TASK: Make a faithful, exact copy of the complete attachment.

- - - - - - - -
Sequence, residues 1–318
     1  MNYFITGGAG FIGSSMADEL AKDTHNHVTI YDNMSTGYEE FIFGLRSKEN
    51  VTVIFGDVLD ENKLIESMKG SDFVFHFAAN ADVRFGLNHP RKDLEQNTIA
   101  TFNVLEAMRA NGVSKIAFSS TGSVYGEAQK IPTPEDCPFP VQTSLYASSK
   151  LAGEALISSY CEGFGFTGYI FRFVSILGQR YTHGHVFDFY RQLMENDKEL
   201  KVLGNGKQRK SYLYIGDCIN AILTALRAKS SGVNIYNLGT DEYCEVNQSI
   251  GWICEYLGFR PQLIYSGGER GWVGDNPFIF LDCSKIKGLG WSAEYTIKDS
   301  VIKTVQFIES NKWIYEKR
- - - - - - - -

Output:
Sequence, residues 1–318
     1  MNYFITGGAG FIGSSMADEL AKDTHNHVTI YDNMSTGYEE FIFGLRSKEN
    51  VTVIFGDVLD ENKLIESMKG SDFVFHFAAN ADVRFGLNHP RKDLEQNTIA
   101  TFNVLEAMRA NGVSKIAFSS TGSVYGEAQK IPTPEDCPFP VQTSLYASSK
   151  LAGEALISSY CEGFGFTGYI FRFVSILGQR YTHGHVFDFY RQLMENDKEL
   201  KVLGNGKQRK SYLYIGDCIN AILTALRAKS SGVNIYNLGT DEYCEVNQSI
   251  GWICEYLGFR PQLIYSGGER GWVGDNPFIF LDCSKIKGLG WSAEYTIKDS
   301  VIKTVQFIES NKWIYEKR